Sa Coma Travel Guide
Sa Coma in the sun © cgt
The purpose-built holiday resort of Sa Coma lies in the heart of Mallorca's popular east coast, sandwiched between lively Cala Millor and the restaurant-strewn seafront of S'Illot. S'Illot can be reached on foot, while a tourist tram connects to Cala Millor and its attractions. Sa Coma itself is largely frequented by British family groups on holiday, most opting for self-catering accommodation. The resort establishments cater particularly well for children, who make the most of the wide sandy beach with its broad shallow shelf of clear, blue water. The beach has European Blue Flag status for cleanliness, water quality and safety. The beach is fronted by a wide promenade lined with restaurants, bars and shops, many of them British owned. Another big plus for the children is the resort's proximity to the large safari-park at Cala Millor, where apes, gazelles, elephants and ostriches are among the animals that roam in a simulated natural environment and can be viewed from a safari bus.
Self-catering holidaymakers will find a good selection of food at the Caprabo hypermarket on the Avinguda de les Palmeres in Sa Coma. The resort and its neighbours have numerous shops and boutiques selling souvenirs and goods attractive to tourists. For a traditional market take the bus to the nearby town of Son Servera on Friday mornings.
Sa Coma offers a varied selection of good quality restaurants for holidaying visitors to enjoy, and just across the footbridge on the S'Illot seafront even more options are available. Hearty British food is the popular staple served at JJs. BiBaBo café and music bar on the S'Illot front mixes the best of British with some Spanish dishes for families wanting the best of both worlds - will it be mussels marinera or chicken and chips? The top restaurant in town for Spanish and Mallorquin cuisine is Lago, but this is expensive. A good alternative is the tapas bar next door, or Es Cuerot, which has excellent Mallorquin food and a cellar or terrace venue to choose from. The 'frito mallorquin', lamb and vegetable stir-fry, is a speciality here.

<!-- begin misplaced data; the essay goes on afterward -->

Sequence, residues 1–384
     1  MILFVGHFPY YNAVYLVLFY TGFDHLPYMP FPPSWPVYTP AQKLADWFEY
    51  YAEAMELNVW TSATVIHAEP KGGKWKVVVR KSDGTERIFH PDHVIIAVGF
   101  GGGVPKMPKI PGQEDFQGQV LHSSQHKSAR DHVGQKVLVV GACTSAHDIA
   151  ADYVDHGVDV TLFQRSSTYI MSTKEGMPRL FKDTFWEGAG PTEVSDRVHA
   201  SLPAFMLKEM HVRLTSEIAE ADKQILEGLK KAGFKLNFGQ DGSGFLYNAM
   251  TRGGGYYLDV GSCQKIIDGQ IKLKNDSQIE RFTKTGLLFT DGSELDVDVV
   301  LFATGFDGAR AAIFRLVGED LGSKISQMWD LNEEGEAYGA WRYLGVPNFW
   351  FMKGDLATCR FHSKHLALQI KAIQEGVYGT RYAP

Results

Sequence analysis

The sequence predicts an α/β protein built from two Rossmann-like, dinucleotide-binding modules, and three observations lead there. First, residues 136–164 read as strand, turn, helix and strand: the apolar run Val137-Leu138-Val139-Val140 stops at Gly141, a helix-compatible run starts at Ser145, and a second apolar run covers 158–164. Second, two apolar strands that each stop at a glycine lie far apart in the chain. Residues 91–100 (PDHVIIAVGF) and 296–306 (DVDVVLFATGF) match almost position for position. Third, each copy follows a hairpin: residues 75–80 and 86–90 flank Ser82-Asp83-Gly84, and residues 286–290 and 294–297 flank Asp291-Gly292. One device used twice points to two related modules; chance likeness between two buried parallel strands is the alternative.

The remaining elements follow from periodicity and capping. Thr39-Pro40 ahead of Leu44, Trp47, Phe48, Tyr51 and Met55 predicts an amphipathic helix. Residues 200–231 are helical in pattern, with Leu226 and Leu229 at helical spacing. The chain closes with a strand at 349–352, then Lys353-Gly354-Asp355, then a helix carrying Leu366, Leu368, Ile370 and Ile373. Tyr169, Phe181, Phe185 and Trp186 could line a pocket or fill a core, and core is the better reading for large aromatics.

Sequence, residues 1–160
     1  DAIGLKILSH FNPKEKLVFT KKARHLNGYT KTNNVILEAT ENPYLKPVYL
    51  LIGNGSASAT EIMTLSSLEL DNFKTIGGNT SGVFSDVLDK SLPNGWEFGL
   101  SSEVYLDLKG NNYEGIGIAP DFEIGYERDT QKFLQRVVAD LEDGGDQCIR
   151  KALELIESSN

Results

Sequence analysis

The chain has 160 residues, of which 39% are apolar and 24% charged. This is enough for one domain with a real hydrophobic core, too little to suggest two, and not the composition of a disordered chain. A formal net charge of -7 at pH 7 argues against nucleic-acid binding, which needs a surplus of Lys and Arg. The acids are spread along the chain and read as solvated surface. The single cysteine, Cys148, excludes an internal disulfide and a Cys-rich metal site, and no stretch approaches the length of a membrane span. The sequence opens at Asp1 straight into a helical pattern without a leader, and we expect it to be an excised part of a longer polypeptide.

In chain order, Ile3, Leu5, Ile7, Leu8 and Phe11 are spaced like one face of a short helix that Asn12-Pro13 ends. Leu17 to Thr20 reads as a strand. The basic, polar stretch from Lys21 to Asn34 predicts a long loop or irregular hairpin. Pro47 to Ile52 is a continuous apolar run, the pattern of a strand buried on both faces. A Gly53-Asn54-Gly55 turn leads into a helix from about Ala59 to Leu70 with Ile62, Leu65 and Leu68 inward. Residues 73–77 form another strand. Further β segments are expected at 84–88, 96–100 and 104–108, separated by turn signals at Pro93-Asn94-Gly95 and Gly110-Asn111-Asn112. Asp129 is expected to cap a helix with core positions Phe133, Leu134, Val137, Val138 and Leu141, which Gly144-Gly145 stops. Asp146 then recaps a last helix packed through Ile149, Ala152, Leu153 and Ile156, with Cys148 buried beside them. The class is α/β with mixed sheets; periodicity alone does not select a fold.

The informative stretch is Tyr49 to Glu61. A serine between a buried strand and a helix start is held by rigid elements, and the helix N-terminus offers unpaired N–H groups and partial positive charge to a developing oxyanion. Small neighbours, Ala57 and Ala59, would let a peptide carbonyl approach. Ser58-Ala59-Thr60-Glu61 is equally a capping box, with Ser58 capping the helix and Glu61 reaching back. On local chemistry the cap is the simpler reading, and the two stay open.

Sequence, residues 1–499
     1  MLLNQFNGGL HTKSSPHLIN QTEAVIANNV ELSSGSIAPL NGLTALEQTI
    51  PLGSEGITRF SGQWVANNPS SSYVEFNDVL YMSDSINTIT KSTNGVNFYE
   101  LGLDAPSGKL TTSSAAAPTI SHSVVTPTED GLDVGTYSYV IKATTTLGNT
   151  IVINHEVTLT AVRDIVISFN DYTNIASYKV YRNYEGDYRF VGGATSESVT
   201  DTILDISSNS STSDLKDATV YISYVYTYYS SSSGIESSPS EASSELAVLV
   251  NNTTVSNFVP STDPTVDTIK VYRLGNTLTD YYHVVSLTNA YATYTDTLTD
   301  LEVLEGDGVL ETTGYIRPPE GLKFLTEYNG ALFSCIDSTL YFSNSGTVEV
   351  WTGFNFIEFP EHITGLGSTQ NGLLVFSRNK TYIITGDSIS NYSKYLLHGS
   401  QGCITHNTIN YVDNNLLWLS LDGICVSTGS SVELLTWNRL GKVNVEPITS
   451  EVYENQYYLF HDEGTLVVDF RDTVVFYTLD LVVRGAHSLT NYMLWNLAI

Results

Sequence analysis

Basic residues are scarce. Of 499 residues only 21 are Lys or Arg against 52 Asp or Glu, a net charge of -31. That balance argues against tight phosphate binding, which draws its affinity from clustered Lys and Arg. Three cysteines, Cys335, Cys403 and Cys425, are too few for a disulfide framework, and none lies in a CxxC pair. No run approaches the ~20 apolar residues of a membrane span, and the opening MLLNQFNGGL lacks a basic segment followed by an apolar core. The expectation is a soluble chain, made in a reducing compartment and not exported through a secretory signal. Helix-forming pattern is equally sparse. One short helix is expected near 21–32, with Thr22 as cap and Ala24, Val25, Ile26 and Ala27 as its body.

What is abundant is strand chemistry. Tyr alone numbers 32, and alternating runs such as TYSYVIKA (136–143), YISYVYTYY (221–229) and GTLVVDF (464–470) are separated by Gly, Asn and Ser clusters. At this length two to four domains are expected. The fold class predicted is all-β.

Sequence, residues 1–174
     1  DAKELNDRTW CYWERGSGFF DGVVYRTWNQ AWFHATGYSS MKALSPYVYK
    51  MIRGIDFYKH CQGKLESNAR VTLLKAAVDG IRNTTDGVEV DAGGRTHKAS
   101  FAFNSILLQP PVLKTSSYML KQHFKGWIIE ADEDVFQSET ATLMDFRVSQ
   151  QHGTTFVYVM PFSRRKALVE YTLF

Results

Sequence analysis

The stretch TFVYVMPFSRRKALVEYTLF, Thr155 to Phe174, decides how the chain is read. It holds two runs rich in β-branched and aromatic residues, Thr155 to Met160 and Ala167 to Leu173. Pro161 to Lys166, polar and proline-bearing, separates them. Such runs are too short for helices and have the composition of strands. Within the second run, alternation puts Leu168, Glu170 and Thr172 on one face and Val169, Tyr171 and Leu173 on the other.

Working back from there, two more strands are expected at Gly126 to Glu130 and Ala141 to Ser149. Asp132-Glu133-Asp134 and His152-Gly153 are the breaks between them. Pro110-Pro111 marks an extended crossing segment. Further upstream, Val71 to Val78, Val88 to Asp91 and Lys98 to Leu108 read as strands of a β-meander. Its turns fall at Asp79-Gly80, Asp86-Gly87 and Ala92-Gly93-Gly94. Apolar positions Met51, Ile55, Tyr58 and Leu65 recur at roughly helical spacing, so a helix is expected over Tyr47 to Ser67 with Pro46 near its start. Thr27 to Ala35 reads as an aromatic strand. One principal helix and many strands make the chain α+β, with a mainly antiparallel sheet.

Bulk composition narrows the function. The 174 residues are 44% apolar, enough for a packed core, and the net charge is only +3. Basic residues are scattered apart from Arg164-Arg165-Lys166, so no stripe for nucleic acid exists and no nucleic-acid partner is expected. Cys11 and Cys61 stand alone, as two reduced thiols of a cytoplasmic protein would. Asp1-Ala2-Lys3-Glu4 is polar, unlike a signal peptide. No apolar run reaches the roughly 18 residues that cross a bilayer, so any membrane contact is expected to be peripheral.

Being a family holiday resort, the nightlife in Sa Coma is not wild, entertainment being mainly hotel based. Neighbouring Cala Millor offers a more lively after-dark scene for those interested. The only disco in the resort is Espace, at S'Illot. One of the most popular evening spots is Crazy Monkeys, a relaxed Spanish-style cocktail bar, also in S'Illot, where 'happy hour' lasts from 8pm to 11pm and then again from midnight to 2am. Other popular spots include Chaplins and La Havana.
There is plenty to do in Sa Coma and surrounds other than lounge on the beach, though this is the main reason most families choose to holiday here. Apart from a host of water sports (equipment and pedalo boats are for hire along the promenade) there are several 18-hole golf courses, tennis and squash courts, horse-riding, mini-golf, bowling, go-carting, and bicycling facilities. Children especially enjoy the Golf Paradis 54-hole mini golf course set among fountains, waterfalls and palm trees, and the Cala Millor safari park. The more energetic can climb up to the medieval watchtower on the headland at Punta de n'Amer, worth the 45-minute walk for the beautiful view afforded from the top, where there is a café for refreshments. Also on offer are several sightseeing boat trips and excursions to attractions on the island like the Caves of Ham and Drac, with stalactites, stalagmites and an underground lake.
Sa Coma is not a good choice for holidaymakers who are seeking bright lights and hectic nightlife, nor for those who find concentrations of children annoying. The beach can become rather crowded in the height of summer.
What to see in Sa Coma
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